In episode 306, I received a question from a listener whose partner had recently left them, resulting in a downward spiral of depression and wondering whether to pursue their relationship. In this post, I take a look at the factors involved in these circumstances and offer my thoughts on addressing the situation.
I just stumbled on your podcast as I’ve been seeking to improve my mental health. My partner of the last 15 months left me this last week due to me not pursuing her enough over the last 5 months. We are on good terms, though the future of our relationship is in the air due to how fresh this all is. I have been on a downward spiral of depression as I was very close to her, her 4-year old daughter, and her family. Not having them in my life would crush me even more. Am I crazy for wanting to pursue her again after some time? How can I deal with this and make sure I don’t make those mistakes again?
Hi there. Thanks for the question. Let me first answer whether you are crazy for wanting to pursue her again after some time. No. You’re not crazy. Why would you not want to? You weren’t the one that broke things off and you are probably left feeling upset, confused, and without closure. That said, it may or may not be the best idea to pursue her in the future. It’s complicated, so let’s get into it.
Obviously, I don’t know the whole situation here. What you described sounds pretty abrupt. Even though she mentioned that you haven’t been pursuing her enough over the past 5 months, it doesn’t sound like you were expecting this to happen. Forgive me if I’m interpreting this wrong. One possibility here is that the real issue between you guys has been a lack of honest communication. 5 months is 1/3 of your relationship. That’s quite a long time when you think of it in that context. For something like that to persist for so long, that would be a legitimate concern. So, my question is how did that happen? Did she bring this up as a concern? If so, what was done about it? If she didn’t bring it up as a concern, that’s… concerning. Same goes for if she did bring this up as a concern and you didn’t do anything about it. I feel like I just essentially don’t have enough information here. BUT – I want to encourage you to dig a little deeper into the actual reasons behind this split.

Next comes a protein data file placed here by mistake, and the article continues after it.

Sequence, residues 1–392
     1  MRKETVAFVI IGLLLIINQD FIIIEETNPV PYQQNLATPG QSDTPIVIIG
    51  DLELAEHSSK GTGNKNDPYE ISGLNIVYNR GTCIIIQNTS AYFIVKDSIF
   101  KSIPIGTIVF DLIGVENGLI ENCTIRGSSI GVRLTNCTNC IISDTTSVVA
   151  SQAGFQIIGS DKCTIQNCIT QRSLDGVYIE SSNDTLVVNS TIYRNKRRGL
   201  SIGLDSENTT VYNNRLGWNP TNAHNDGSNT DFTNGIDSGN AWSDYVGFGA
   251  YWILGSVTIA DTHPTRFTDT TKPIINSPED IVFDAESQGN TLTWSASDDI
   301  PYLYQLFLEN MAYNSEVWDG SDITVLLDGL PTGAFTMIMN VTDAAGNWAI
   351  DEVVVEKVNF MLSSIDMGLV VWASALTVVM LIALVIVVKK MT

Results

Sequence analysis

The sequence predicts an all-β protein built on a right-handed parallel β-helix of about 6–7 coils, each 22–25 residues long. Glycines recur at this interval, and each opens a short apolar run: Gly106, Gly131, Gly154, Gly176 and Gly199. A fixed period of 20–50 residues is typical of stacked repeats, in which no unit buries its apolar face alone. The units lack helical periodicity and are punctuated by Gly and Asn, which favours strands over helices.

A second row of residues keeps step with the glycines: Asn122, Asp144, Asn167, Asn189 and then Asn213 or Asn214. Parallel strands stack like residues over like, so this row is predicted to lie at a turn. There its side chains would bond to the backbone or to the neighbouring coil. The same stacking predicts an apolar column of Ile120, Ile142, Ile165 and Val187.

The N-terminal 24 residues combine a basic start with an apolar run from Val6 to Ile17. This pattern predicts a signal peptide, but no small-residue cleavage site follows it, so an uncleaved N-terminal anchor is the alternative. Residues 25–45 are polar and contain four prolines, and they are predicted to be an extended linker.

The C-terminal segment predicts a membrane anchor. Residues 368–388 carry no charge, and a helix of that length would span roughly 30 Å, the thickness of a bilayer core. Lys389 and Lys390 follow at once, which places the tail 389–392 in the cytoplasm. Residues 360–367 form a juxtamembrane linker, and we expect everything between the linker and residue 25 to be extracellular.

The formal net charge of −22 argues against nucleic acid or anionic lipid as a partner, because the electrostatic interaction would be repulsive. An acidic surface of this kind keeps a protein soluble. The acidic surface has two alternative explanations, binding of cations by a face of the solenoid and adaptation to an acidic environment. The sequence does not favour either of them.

The cause of depression
You mentioned that you’ve been on a downward spiral of depression, since you were close to her and her family. Is this the origin of the depression or was this going on before? The reason I ask is that significant depression is a common reason for changes in romantic or sexual behavior. You might intellectually feel like you love her and are attracted to her, but when you actually look at your behaviors from the outside, the depression may have made you less interested in intimacy, romance, sex, and other activities. You will also want to consider whether there were other issues in the relationship that could have been contributing to the lack of interest. For example, there could be issues elsewhere in the relationship, like concerns about finances, parenting strategies, etc. that started a pattern of pulling away from one another. In this case, the lack of pursuing her isn’t really the primary issue. Rather, it’s just the result of some other issue that is making you feel less interested or less safe in the relationship.
I think if you were to have a conversation about this to figure out what really happened, it would be important for you both to work on leading with your feelings rather than accusations regarding the other person’s behavior. For example, instead of saying that you have not been pursuing her enough over the past few months, she might lead with the feeling by saying something like, “I have been sad because I have not been feeling wanted by you lately.” That would likely lead to you asking why and then she can go into the behaviors or lack thereof that she has noticed, which has made her feel unimportant, unwanted, or whatever feelings she is getting. I hope you see what I’m getting at here. I have a feeling it’s not as simple as just that you have been less interested over the past few months. There’s more going on than that – likely on both of your sides. It will be important to try to identify what those factors are before trying to figure out if it is worth pursuing some repair of the relationship. One thing you might be able to do is ask whether she is interested in trying to see if there is a way to make things work at all. If she has no desire to be with you again, then you need to respect that, acknowledge that the relationship is over, and allow yourself to grieve. If she says that she would like to, but she doesn’t know how that’s possible, that is something that you could potentially work with.